Type: sn -Vr *,YOUR_KEY_TOKEN

example: sn -Vr *,0123456789abcdef

This will disable strong name verification for all assemblies signed with your public key. You can list current settings for strong name verification with: sn -Vl

Installing the Private Key for Team Build

Since the private key (Key.pfx) is password protected – Team Build cannot access it. Thanks to Nagaraju Palla’s Blog: Using Password Protected Signing Keys in Team Build, we have a solution.

Logon to the Team Build server as the build service account Open the project in Visual Studio Build the project in Visual Studio You will be prompted for the password to the private key file. Enter the password Close Visual Studio & Log off The private key file is now installed in the build service account’s local certificate store and Team Build can access it without prompting for the password again. This certificate store is as secure as the build service account’s password. (Hint: Make it just as strong as your keyfile’s password)

Updating TFSBuild.proj Build Script

Team Build has access to the private keyfile and password. This allows it to fully-sign the assemblies.

To override the project settings and instruct Team Build to use the private keyfile and disable partial-signing, we need to set the CustomPropertiesForBuild property in TFSBuild.proj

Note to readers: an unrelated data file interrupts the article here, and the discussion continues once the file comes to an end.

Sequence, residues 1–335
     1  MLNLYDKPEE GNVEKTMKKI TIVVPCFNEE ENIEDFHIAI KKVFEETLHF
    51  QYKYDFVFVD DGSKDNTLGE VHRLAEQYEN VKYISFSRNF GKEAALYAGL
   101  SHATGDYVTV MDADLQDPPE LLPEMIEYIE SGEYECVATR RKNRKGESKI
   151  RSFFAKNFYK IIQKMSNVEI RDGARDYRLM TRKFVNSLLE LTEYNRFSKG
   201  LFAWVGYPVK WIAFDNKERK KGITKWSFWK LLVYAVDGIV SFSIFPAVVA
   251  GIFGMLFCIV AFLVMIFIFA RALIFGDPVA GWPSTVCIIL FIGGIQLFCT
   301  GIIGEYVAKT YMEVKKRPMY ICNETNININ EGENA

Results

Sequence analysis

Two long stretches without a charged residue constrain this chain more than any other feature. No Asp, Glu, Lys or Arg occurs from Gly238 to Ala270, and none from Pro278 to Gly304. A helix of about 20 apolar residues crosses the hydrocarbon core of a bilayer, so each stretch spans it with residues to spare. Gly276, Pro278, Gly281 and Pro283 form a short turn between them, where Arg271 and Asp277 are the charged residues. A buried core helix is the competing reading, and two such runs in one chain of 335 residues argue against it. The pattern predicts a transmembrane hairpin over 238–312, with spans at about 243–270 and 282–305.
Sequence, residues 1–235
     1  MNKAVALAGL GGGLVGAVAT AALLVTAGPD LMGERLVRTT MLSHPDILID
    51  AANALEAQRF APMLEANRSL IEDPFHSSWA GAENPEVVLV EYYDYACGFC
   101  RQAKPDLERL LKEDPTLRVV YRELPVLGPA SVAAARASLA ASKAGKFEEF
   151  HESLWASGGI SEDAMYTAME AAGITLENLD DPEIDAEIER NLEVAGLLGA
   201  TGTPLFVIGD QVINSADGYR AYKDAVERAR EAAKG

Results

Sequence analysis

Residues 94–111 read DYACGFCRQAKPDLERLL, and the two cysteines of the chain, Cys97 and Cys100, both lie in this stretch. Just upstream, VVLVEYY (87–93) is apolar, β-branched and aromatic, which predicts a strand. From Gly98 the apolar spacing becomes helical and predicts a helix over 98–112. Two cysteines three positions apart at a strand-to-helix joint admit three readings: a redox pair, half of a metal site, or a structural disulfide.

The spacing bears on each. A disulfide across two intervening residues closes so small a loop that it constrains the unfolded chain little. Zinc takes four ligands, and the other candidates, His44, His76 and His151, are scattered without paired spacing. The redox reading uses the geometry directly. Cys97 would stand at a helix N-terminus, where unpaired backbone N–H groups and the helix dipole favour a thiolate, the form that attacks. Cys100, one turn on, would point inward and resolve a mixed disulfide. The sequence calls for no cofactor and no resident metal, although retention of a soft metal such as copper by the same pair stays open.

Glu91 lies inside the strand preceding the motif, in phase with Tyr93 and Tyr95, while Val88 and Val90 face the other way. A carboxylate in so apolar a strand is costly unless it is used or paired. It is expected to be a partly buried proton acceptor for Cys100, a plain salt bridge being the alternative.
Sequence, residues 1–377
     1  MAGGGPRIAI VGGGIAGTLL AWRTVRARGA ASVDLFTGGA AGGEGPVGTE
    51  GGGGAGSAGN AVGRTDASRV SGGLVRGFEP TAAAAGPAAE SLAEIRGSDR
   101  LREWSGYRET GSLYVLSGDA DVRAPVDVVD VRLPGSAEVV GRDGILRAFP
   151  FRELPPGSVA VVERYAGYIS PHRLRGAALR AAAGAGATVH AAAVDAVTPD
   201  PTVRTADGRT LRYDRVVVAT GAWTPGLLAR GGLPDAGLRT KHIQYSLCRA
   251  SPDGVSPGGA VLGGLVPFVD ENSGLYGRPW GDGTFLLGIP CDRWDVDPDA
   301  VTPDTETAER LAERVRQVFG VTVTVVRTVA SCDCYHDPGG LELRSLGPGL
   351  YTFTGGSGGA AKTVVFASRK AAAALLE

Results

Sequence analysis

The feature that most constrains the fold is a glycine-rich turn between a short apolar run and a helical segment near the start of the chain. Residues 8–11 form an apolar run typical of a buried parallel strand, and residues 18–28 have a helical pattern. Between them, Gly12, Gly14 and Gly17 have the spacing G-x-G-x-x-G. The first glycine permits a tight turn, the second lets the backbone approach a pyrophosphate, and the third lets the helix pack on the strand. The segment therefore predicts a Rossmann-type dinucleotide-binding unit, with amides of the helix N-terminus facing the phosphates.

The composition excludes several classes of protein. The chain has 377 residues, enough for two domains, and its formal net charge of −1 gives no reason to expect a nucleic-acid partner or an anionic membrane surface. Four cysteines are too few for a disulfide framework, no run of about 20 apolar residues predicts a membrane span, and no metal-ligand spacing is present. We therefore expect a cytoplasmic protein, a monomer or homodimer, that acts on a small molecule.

Check-out your TFSBuild.proj build script Search for the placeholder property (near line 130 by default) Replace it with the following: SignAssembly=true;DelaySign=false;AssemblyOriginatorKeyFile=$(MSBuildExtensionsPath)\Key.pfx Check-in your changes Queue a build Verifying Team Build output

To check that Team Build has correctly strongly named your assemblies, you can use the sn.exe utility to verify the strong name signature.

Open a Visual Studio Command Prompt Type: sn.exe -vf assemblyname.dll

You can also verify all your assemblies at the same time:

Open a Visual Studio Command Prompt Type: FOR %a IN (*.dll) DO sn.exe -vf %a

share|improve this answer
    
Great answer, Thanks! but I run in some troubles when trying to build the project manualy to get the key installed. I don't have the "normal" visual studio installed, only tfs explorer and tfs build. does this mean I have to install team dev in order to build my project only once? –  Sorskoot Jun 29 '09 at 8:30
    
What is the error message? –  Ray Booysen Jun 29 '09 at 9:51
    
I don't get an error. Except for the MSB4018 from my question when letting tfs do the building. I got stuck after opening the project in Visual studio on the build server. The entire project is grayed out, because I only have the shell with the build services installed on the server. I think I'm overseeing something here ;) –  Sorskoot Jun 29 '09 at 10:00
    
Surely you don't need to open the project on the build server as your MSBuild script will do the build? –  Ray Booysen Jun 29 '09 at 10:09
1  
What if you are using Visual Studio Online(Microsofts hosted TFS solution)? You don't get access to a build machine that you can log onto. –  The Muffin Man May 27 at 16:39

Your Answer

 
discard

By posting your answer, you agree to the privacy policy and terms of service.

Not the answer you're looking for? Browse other questions tagged or ask your own question.